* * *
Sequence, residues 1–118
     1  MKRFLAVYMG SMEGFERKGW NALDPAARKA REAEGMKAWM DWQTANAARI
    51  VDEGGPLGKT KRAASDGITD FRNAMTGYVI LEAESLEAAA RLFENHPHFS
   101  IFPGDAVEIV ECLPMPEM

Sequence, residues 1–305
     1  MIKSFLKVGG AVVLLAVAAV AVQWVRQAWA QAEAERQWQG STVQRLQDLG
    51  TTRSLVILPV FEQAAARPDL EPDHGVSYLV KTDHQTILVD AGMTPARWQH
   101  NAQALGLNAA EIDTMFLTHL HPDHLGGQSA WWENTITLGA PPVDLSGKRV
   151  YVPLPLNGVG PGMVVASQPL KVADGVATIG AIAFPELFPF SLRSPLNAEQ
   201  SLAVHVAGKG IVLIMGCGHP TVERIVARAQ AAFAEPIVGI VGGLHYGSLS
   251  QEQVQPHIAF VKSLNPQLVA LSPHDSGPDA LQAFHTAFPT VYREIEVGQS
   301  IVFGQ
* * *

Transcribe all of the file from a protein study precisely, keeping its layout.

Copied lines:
Sequence, residues 1–118
     1  MKRFLAVYMG SMEGFERKGW NALDPAARKA REAEGMKAWM DWQTANAARI
    51  VDEGGPLGKT KRAASDGITD FRNAMTGYVI LEAESLEAAA RLFENHPHFS
   101  IFPGDAVEIV ECLPMPEM

Sequence, residues 1–305
     1  MIKSFLKVGG AVVLLAVAAV AVQWVRQAWA QAEAERQWQG STVQRLQDLG
    51  TTRSLVILPV FEQAAARPDL EPDHGVSYLV KTDHQTILVD AGMTPARWQH
   101  NAQALGLNAA EIDTMFLTHL HPDHLGGQSA WWENTITLGA PPVDLSGKRV
   151  YVPLPLNGVG PGMVVASQPL KVADGVATIG AIAFPELFPF SLRSPLNAEQ
   201  SLAVHVAGKG IVLIMGCGHP TVERIVARAQ AAFAEPIVGI VGGLHYGSLS
   251  QEQVQPHIAF VKSLNPQLVA LSPHDSGPDA LQAFHTAFPT VYREIEVGQS
   301  IVFGQ